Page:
Trauma kits to be placed in crowded places
Detective Chief Superintendent Michael Orchard has said that trauma kits, including military-grade wound dressings, are to be put in crowded public spaces to ‘increase survivability’ after potential terror attacks.
The packages, created with input from Counter Terrorism Policing, are being rolled out as the UK’s national terror threat level remains ‘substantial’, meaning further attacks are considered likely. It will means that arenas, football stadiums and railway stations will be offered new ‘public access trauma (Pact) first aid kits’.
The Manchester Arena inquiry has heard harrowing details of how stewards had to use items of clothing and merchandise to treat injured casualties because they had no proper equipment following the bombing.
Official protocols mean that paramedics cannot enter the scene of attacks without protection until they are formally declared safe, which has delayed treatment following several major incidents including the Manchester bombing and 2017 London Bridge attack.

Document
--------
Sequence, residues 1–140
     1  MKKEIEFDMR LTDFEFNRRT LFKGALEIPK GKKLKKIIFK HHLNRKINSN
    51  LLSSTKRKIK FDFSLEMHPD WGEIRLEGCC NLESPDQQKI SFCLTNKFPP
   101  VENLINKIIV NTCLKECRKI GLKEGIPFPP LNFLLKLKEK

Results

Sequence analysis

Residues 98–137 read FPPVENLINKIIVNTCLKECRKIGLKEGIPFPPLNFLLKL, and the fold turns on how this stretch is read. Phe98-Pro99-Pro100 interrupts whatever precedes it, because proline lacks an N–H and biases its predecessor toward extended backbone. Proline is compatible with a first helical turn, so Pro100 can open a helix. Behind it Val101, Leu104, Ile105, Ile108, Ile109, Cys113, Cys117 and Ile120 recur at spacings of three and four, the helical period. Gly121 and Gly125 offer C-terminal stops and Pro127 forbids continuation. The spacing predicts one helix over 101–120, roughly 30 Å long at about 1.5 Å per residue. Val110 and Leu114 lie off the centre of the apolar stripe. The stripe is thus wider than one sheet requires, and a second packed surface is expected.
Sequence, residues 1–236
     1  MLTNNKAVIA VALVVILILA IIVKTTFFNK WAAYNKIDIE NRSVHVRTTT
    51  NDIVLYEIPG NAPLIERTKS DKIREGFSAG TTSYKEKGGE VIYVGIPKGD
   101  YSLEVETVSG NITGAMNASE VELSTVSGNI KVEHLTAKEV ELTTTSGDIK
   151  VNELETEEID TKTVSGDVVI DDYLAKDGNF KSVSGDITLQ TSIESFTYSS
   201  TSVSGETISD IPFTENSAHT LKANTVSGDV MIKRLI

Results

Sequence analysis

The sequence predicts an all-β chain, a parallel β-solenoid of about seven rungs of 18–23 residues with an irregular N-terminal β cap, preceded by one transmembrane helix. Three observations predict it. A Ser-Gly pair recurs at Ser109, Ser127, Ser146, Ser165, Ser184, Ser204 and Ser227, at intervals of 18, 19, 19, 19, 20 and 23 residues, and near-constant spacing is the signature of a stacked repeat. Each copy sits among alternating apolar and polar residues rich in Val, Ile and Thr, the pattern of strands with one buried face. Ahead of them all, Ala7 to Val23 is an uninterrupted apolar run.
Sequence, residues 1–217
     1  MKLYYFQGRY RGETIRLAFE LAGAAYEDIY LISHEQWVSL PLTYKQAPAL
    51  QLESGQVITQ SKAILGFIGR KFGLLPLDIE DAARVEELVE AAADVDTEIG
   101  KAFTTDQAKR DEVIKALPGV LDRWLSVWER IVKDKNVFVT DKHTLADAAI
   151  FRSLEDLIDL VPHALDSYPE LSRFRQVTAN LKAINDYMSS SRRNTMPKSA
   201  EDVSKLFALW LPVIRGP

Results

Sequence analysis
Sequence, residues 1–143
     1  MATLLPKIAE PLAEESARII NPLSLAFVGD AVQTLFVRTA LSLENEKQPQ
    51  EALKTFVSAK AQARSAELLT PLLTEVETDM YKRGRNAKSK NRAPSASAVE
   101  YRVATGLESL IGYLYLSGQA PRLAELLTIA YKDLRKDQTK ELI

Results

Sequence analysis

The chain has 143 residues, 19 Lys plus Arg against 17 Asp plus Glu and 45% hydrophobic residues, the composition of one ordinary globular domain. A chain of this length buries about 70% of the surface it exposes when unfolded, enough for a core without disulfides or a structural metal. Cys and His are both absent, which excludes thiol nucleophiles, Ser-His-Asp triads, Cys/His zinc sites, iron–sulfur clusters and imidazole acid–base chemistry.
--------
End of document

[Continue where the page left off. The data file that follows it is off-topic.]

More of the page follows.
St John Ambulance, which worked on the kits alongside citizenAID and the National Counter Terrorism Security Office, called them an ‘important step forward on a path towards saving more lives’.
Orchard said: “It is vital that we raise awareness of how simple first aid, with appropriate equipment, can improve a person’s chances of survival in a whole range of scenarios. It is hoped that the new standards for Pact first aid kits will assist when people suffer the most serious of injuries.
“This is particularly relevant in the event of a live or ongoing terrorist incident, when first aid may need to be administered by the public until first responders are able to reach any casualties.”
The news comes as venues prepare for the Protect Duty, also known as Martyn’s Law, which is likely to place new legal duty requiring minimum standards of protection against terror attacks in large entertainment venues and public spaces.